This is where I step up on my soapbox and get REALLY self-righteous, so some readers may do well to turn away. Or feel free to fire back with nasty comments.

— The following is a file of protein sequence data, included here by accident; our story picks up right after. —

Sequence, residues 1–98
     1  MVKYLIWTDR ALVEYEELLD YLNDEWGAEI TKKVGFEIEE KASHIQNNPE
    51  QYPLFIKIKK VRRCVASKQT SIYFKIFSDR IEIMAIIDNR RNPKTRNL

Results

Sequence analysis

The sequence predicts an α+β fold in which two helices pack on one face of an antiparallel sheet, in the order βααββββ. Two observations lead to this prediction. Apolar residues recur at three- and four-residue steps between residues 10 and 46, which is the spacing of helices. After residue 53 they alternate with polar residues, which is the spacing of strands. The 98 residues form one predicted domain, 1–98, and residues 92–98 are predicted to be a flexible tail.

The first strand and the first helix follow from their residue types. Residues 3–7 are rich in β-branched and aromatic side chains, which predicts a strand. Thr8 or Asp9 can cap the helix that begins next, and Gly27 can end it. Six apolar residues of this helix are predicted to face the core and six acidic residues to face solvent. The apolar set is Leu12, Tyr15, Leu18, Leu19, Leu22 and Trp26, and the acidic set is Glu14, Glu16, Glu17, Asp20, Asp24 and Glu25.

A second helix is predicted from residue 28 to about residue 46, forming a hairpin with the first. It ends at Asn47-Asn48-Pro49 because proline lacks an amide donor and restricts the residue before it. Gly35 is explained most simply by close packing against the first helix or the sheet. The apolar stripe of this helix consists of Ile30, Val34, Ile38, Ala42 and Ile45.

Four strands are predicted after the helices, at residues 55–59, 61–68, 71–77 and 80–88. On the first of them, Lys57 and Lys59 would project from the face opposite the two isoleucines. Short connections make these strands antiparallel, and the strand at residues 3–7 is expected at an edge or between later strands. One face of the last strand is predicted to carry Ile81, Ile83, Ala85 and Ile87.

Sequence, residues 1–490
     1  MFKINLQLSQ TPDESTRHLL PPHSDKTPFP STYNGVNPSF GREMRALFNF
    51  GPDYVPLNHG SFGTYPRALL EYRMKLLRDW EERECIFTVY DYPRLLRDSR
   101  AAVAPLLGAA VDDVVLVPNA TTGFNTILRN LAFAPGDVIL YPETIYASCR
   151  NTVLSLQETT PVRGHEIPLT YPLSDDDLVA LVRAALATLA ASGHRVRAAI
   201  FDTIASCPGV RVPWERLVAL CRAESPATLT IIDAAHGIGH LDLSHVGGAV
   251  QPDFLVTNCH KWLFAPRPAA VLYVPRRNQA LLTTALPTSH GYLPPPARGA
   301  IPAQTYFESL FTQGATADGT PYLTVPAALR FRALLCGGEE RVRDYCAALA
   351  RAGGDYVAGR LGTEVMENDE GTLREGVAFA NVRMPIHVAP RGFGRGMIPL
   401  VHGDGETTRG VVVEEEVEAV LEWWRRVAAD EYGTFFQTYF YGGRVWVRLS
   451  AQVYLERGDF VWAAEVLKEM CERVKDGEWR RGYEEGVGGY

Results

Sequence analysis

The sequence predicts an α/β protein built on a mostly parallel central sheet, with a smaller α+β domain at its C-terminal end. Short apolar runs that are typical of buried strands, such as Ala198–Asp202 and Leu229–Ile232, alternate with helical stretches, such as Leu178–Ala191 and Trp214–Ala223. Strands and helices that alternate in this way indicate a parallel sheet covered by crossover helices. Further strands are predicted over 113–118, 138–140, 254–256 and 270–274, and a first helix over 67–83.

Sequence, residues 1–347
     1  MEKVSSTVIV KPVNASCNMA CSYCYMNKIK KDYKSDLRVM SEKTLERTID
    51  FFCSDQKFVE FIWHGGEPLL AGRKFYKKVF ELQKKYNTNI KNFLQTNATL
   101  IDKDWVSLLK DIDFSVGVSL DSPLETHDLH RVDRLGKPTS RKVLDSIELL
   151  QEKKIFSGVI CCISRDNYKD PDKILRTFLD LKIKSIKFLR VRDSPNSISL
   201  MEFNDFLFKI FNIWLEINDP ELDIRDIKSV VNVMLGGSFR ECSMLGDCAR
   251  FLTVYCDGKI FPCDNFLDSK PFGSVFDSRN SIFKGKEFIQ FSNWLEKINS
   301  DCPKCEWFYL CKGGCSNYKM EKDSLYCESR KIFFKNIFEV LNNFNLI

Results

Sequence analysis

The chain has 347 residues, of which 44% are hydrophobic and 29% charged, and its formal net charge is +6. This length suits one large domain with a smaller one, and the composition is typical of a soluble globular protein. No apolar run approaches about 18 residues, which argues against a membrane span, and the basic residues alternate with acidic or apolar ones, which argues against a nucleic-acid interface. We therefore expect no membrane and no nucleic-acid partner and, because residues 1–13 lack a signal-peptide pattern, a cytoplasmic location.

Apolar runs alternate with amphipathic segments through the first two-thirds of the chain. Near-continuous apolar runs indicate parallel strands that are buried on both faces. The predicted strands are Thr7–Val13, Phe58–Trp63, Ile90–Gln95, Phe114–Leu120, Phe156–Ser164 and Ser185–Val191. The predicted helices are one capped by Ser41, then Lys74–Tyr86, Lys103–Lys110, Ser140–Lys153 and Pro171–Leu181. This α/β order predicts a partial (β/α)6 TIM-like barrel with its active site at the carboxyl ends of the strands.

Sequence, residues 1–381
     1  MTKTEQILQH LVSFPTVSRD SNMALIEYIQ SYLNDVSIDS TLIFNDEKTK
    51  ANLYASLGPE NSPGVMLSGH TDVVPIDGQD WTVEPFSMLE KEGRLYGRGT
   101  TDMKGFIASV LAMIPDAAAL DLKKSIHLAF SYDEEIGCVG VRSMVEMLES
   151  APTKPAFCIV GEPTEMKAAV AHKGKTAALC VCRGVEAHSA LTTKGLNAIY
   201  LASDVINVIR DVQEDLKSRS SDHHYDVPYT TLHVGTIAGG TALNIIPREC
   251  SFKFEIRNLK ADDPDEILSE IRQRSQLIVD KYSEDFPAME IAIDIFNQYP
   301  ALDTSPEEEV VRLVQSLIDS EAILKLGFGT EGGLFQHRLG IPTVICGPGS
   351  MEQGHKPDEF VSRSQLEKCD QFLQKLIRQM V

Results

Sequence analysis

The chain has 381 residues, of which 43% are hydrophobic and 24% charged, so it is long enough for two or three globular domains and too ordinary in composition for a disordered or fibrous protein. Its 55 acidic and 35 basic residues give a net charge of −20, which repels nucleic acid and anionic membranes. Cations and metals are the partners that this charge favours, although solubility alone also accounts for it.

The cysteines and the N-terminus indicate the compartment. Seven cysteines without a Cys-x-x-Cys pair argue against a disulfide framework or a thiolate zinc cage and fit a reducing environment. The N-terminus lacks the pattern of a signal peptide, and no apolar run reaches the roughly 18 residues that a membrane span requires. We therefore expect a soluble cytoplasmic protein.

But as a child who DID get left behind, here’s the thing: the NCLB programs have done nothing less than dumb down our entire school system. The median remains the same, and yes, the lower quartiles may have been raised, but the higher quartiles are either dropping or dropping out. The best and brightest are being completely ignored and left to fend for themselves instead of being nurtured and trained to be the next generation of scientists, doctors, leaders, and great minds that we so desperately need in this country. Why do you think our country has gone to such shit over the last few decades? When I dropped out of highschool at 17 and was accepted into a private college (with academic scholarships, but no diploma, nor a GED mind you, just an insanely high ACT score), I immediately became frustrated because the college level courses seemed to me the level of what high school should have been. And again with grad school — seemed like what college should have been. I keep asking myself “when does the challenge happen?” I’ve concluded that it doesn’t. But it should. And it shouldn’t be just for those who can manage a private school education, either. Not everyone is built for college. That’s just the plain truth of it. Just like not everyone is meant to be a parent or a lawyer or a doctor. We all have our particular path in life, and there is no shame in being a mechanic or a salesperson, or a chef or a stylist, or even a fast food worker. Not if you do that job to the best of your ability, with pride of workmanship each and every day. But don’t you dare dumb down the schools to accommodate those who shouldn’t be there just for the sake of “fairness”. I got so screwed by that thinking, and fuck you if you’re going to do that to my kids. I’m not built to be a homeschooling mom, but dammit if I won’t work three jobs to find some private school or afford the gas to drive to the nearest charter school so my kids can get a real education.